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The 24th instant, I left Crown Point; the 25th, at night, anchored at "Willsborough. The same night came on a violent storm at northeast; the next day, at two, P. M., was obliged to weigh anchor and return to this place, where the whole fleet arrived the same evening, except the Spitfire, Captain Ulmer, who could not clear the shore, and was obliged to come to an anchor again, and rode out the storm, though exposed to the rake of Cumberland Bay, fifty miles long. The hard gale made an amazing sea; and, when I expected to hear the gondola was foundered, or drove on shore, she joined us, having received no damage, though a light bateau, veered astern of her, was sunk with the sea breaking over her. The severe weather prevented my despatching Lieutenant Whitcomb before yesterday morning. The first fair wind, I will follow him. I should have gone this evening, but the breeze is so light, night would have come on before we could have reached a safe place of anchorage.
I have had no advice from St. John's or Isle-aux-Noix. The earliest intelligence I receive shall be communicated to you immediately. I am very anxious to hear from New York, and make no doubt when you receive any material advices, I shall soon be acquainted with them.
Inclosed is a return of the strength of the fleet, by which you will observe that seventy-four men are wanting to complete the numbers proposed for the vessels, which are barely sufficient when complete. I should be extremely glad they were sent to us soon. If you think proper to send them, the bearer, Lieutenant Calderwood, will take charge of them.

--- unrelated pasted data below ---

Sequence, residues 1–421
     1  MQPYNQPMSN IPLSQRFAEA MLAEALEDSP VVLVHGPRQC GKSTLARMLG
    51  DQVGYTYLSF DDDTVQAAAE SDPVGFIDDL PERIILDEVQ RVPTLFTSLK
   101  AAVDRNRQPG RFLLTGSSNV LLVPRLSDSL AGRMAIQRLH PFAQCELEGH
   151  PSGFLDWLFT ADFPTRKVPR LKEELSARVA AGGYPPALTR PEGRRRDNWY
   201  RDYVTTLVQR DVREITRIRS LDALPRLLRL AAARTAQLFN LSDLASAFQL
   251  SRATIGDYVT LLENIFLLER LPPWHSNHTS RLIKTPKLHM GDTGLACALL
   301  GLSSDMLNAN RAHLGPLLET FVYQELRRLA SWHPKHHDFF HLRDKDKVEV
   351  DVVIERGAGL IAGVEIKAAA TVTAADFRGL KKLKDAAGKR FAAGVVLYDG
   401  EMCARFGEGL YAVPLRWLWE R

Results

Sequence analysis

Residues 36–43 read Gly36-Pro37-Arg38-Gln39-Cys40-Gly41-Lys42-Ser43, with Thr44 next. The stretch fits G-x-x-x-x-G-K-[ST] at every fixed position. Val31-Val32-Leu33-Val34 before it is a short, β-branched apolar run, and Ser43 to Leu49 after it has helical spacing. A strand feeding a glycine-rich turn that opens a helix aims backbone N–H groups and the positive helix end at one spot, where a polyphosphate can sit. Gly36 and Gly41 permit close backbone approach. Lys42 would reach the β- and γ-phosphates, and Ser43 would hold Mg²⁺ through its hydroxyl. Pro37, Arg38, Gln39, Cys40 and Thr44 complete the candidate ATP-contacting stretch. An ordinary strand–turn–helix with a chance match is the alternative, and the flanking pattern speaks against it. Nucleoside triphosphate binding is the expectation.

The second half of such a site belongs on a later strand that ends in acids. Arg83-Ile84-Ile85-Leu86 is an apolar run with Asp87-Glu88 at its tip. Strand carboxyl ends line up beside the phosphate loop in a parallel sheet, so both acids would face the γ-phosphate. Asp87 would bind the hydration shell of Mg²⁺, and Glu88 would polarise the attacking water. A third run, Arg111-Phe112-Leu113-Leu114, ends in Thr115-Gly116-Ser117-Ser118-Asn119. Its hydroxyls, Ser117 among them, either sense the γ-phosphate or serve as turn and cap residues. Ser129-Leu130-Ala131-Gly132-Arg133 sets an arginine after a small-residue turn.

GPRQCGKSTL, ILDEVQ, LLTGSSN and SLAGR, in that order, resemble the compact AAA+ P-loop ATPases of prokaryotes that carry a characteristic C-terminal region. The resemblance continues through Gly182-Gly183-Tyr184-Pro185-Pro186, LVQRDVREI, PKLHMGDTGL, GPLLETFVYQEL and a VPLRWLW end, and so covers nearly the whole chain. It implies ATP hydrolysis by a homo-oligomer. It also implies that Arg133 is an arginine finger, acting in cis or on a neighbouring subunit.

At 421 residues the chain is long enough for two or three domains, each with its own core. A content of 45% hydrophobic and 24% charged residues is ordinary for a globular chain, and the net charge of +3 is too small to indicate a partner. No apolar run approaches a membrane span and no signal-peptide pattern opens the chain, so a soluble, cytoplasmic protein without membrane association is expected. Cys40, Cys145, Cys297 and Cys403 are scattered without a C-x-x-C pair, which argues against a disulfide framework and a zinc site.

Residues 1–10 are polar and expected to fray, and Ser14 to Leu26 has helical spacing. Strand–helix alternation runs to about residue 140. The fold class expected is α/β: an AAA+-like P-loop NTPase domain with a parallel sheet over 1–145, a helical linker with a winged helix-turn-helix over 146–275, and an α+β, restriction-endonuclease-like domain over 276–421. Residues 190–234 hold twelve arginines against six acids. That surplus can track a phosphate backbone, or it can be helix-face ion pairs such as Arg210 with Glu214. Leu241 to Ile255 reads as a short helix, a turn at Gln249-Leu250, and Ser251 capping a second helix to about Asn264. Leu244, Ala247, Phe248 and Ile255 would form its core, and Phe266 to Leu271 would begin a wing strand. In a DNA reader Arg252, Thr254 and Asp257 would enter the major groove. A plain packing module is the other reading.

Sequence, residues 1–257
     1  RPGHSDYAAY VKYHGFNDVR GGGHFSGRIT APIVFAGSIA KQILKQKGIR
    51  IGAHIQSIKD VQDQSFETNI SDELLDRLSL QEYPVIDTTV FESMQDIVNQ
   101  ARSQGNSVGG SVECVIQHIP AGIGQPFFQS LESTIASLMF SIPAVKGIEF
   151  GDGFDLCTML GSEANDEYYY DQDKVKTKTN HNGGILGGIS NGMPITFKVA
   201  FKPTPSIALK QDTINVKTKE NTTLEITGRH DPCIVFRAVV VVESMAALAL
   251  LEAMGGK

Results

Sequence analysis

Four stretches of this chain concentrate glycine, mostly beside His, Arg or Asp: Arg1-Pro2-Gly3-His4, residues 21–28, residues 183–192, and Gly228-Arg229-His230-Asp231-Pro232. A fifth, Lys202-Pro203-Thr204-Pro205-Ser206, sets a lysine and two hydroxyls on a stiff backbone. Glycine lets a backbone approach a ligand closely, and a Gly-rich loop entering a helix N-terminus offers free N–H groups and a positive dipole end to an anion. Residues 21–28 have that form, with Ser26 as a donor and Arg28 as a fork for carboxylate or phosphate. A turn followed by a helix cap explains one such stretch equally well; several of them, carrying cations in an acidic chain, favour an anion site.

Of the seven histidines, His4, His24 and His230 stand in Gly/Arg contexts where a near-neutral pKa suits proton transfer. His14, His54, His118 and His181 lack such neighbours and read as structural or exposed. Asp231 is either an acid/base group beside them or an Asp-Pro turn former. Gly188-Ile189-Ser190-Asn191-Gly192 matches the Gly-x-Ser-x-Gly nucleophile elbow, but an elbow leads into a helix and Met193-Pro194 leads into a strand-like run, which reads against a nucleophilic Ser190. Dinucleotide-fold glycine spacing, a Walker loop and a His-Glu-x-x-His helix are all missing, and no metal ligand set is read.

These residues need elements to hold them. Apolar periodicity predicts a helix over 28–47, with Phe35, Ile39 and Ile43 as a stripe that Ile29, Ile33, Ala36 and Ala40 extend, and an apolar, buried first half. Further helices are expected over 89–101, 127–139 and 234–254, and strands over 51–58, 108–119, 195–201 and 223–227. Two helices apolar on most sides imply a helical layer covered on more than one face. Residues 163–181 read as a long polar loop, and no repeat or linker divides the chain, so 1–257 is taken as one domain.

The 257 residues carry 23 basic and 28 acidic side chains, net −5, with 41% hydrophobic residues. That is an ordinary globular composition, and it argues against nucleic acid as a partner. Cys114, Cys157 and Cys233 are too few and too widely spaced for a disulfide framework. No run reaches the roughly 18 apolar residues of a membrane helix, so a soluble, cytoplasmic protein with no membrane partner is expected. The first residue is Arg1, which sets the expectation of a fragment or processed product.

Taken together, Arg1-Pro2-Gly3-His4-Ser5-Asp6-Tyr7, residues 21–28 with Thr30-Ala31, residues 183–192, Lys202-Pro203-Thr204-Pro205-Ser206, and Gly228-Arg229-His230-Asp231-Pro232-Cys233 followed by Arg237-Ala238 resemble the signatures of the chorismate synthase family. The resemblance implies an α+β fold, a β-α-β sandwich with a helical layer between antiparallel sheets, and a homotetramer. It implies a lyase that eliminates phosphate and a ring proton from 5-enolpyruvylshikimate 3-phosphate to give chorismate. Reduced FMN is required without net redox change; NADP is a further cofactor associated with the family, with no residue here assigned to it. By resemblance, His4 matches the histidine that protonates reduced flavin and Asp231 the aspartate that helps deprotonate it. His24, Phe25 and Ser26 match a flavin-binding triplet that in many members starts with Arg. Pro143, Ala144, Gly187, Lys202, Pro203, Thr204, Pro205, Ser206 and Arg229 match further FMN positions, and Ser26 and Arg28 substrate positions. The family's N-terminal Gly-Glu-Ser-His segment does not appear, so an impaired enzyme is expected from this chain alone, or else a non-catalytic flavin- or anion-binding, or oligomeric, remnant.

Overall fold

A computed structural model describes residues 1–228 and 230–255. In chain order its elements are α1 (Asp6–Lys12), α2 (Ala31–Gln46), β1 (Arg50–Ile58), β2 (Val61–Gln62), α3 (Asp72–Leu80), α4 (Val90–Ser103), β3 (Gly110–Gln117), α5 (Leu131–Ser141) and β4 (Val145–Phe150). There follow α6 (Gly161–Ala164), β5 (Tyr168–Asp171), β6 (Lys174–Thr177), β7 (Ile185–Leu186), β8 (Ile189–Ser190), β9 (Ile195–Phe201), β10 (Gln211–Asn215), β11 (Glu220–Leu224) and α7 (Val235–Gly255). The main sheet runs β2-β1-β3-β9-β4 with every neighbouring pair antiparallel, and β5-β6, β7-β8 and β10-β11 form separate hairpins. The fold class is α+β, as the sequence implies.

Mr. Gilliland has the only good draught I know of Lake Champlain, which, he says, was delivered to Captain Bush for you. It will be of great service to me, as I have no draught of the Lake.
If a good officer can be procured to act as Captain of the Royal Savage, I think lie might be of service in case any accident should happen to me. The present Master is not fit for the command in chief, though a good man in his present station.
I suppose by this time General Schuyler has paid you a visit. Please to make my respectful compliments to him, if arrived, and let him know I will write him very particularly as soon as I arrive at the other end of the Lake.
I am, with real affection and esteem, dear General, your obedient, humble servant,
- Benedict Arnold
- Correspondence of the American Revolution; Being Letters of Eminent Men to George Washington, from the Time of His Taking Command of the Army to the End of His Presidency, Volume I., Jared Sparks, 1853